Release Date: Out now
Publisher/Developer: Gaijin Entertainment
Multiplayer: 32-player competitive and cooperative multiplayer
Link: Official Site (opens in new tab)
The problem with War Thunder is it's a game that constantly swings from "amazing" to "outrageously frustrating,” often within the same session. It's a game I love, except for all those times I'm ready to nuke it from my hard drive.
Every few sessions, something technical goes annoyingly wrong. A lot of times, I get an authentication error and can't log into my account. A few minutes later, it works again. Sometimes, my controls mysteriously go haywire. All my settings are lost, and I have to remap everything, which is the most boring and painstaking task in flight sims. Don't even bother wasting time on the Controller Wizard. It's the least effective wizard this side of Oz.
Or there's that weird texture bug I only get in the cockpit view, when the world turns into a blurry, jagged mess, but looks perfect if I simply switch to a different camera.
War Thunder often seems like a ramshackle construction. There are too many places where it seems unfinished or buggy. It'd be unbearable, except for all those times it's actually sublime.
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At its best, War Thunder is a game of rare beauty and grace. The game is breathtaking when you're in the air, soaring over mountain valleys or Pacific atolls. Just taking a plane up through the clouds, where the world beyond your wingtips vanishes into fog while condensation whips over the canopy, gives way to the most extraordinary joy and elation when you burst into the clear blue sky. It feels like I'm really up there at the controls of a plane, playing among the peaks and valleys of a cloud formation. That's doubly true when I'm using special flight-sim gear like a TrackIR head-head tracker and a flight stick.
More important, War Thunder's air combat is simply some of the best and most intense I've ever experienced. World of Warplanes doesn't come close; its planes are too confined by the game's simple physics. It's a shooter where your avatar is a plane. In War Thunder, I always feel like I'm actually in the cockpit, and every kill is a story to tell.
Even on the arcade settings, where the planes are extremely forgiving and every battle is basically an aerial melee, War Thunder forces players to learn and use basic flight maneuvers and aerial tactics. Bringing all the pieces together is very difficult but also very satisfying. It's not a stretch to say that War Thunder is the Red Orchestra of air combat.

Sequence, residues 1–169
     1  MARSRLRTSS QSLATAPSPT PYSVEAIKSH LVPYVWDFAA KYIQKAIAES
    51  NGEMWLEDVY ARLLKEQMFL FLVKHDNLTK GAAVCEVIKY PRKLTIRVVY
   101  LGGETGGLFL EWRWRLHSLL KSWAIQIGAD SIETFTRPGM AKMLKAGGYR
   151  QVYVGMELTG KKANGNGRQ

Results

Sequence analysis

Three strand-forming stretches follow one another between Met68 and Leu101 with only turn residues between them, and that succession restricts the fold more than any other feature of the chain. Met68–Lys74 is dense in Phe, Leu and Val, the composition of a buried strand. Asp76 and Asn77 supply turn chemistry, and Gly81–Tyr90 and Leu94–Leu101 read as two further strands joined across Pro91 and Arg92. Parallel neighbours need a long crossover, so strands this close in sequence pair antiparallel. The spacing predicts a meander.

You can also crank up the realism, which does away with respawns and puts you into more varied tactical situations. Instead of just racing to shoot up all the other team's tanks or airbases, you might be waging a carrier battle in the Pacific, or trying to escort bombers to a target. The aircraft are a lot harder to handle and the stakes are a lot higher, but that only serves to heighten the authenticity.
If only War Thunder stayed at high-altitude. But unfortunately, it comes crashing to earth with the introduction of tank combat.
Where air combat is fast and graceful, the tanks are plodding and fussy. The gestures toward realism only serve to drag things out. Early tanks grind to a halt over the gentlest grades, and War Thunder consistently overestimates my interest in managing a tank's manual transmission. It's like coaxing a slug.
The slow pace is exacerbated by a combat system where the person who spots the target first is probably going to get the kill. So battlefields too often devolve into careful camping grounds, and by the time you maneuver to a good position, your glacial pace has eaten up a quarter of the battle time.
Then there's the progression system. This is where War Thunder badly lags behind World of Warplanes and World of Tanks. Its upgrade tree is a byzantine mess.
Rather than having everything laid-out in a simple step-by-step progression, the War Thunder tech tree is jammed full of weird side-branches and a few too many marginal upgrades. Plus, the currency and research required to progress in the second and third tier of the game lead to some real doldrums. Premium currency helps alleviate this somewhat, but unless you're willing to drop some real cash on buying aircraft, you should brace yourself for some slogging.
Still, as frustrated as I get with War Thunder's limitations, there nothing else out there that so readily puts you at the center of a dogfight. When I swoop in behind an enemy fighter, drop the crosshairs just above the cockpit, and watch the bullets slope into the fuselage until it comes apart like a broken kite, I feel transported. I'm an ace, a master of the skies.
War Thunder drives me crazy. I'm not sure how I can ever leave.